Thursday, September 5, 2013

Oats-broken wheat idli - making healthy choices tasty and acceptable

Let us say you are hungry and famished and you reach a table where there are 2 things - a bowl of boiled spinach and a platter of fried spinach pakodas (if you are a spice lover like me) or a bowl of gulab jamoons(for those of you with a mean sweet tooth). How many of you reach out to the boiled spinach? Not many (unless you are popeye himself), I thought so. I am guilty of this too. Food is a very complex thing - it encompasses taste, visual and sensory appeal but beyond all this there is a sub conscious effort that feeds the decision making process. Most of us just refuse to eat things that are touted as 'healthy' as we seem to brand it immediately to be 'tasteless' or worse 'bad tasting'.

If I haven't said this before, I am a person who thinks prevention is better than cure. A few years back, I started looking for healthier choices in the kitchen and started to experiment to include ingredients not familiar to me. I strongly believe that the diet my parents (and ancestors) followed was a good one but diet alone does not contribute to a healthy life. Our life styles have changed vastly from what it used to be in my grand parents or parents life time. My Dad brisk walked every day as long as I can remember, his morning walk is when I learnt my cycling with big brother to put me and get me off of the bicycle until I learnt how to do it myself :-). I only knew how to steer the cycle and keep peddling, my brother sat me on the cycle and ran next to me until I was ready to get off.  So it was exercise time for the family. My dad also did what he called 'Shatha Patha (literally meaning 100 steps)' after every meal sometimes outside in the compound wall, some times inside our huge rectangular living room. Nammamma had no dearth of physical activity given her cleaning, washing, walking etc. My day doesn't resemble either of that now, I am plopped infront of my laptop most of the days either for work or (you guessed it) for blogging and surfing. If I go out somewhere, it is a drive and not a walk. So, even if I were to follow the same fantastic diet my parents did, there is no guarantee I will be blessed with the same excellent physical health they had, right? So I need to make adjustments to compensate.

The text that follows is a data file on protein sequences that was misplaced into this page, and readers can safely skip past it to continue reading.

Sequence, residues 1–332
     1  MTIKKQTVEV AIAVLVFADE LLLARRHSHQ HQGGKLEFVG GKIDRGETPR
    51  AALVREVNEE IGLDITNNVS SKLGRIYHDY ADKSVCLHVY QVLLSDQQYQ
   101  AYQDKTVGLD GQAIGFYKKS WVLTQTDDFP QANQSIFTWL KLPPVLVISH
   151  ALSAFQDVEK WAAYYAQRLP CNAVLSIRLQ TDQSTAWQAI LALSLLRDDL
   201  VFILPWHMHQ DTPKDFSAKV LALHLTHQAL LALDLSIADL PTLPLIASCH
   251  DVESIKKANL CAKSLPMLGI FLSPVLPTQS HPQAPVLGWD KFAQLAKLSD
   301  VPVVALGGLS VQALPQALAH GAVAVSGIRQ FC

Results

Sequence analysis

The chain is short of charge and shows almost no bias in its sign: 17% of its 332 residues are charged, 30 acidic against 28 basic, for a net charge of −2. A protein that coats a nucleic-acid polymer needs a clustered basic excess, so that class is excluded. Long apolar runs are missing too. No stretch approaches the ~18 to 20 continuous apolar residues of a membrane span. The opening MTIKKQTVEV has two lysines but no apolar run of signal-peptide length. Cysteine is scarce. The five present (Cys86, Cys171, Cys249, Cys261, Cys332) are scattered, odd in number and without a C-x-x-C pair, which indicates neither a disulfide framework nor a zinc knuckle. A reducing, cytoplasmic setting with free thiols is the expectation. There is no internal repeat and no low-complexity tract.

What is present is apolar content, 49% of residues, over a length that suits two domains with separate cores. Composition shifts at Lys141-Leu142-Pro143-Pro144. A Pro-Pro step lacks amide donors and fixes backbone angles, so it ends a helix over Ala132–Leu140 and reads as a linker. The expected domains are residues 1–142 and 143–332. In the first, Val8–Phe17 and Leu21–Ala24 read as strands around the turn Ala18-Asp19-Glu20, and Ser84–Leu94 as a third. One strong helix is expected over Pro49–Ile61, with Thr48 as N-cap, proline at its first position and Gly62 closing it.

Since I am not a dietician, I read, absorb and use common sense to make my food choices. Without overdoing anything, I try to get the benefits from old and new ways of living and I hope it works :-). The mantra for me atleast for now is 'less processed', I will let you know if it changes after I read some more and analyze more..

So on that note, here is a healthier than regular rava idli made with a combination of oats and broken wheat. If you are averse to introduce 2 new ingredients in your rava idli, go ahead and keep the regular upma rava but I strongly encourage you to use the broken wheat, it tastes more wholesome and the idlis are truly delicious. A healthier option you will not regret trying.

What do you need to make Oats-Broken wheat idli?
1 cup oats (I used old fashioned oats)
11/4 cup broken wheat
2.5 cup yogurt (preferably home made and a day old)
1/4 Tsp baking soda
2 Tblsp grated coconut
1 big carrot
1 Tblsp oil
1 Tsp mustard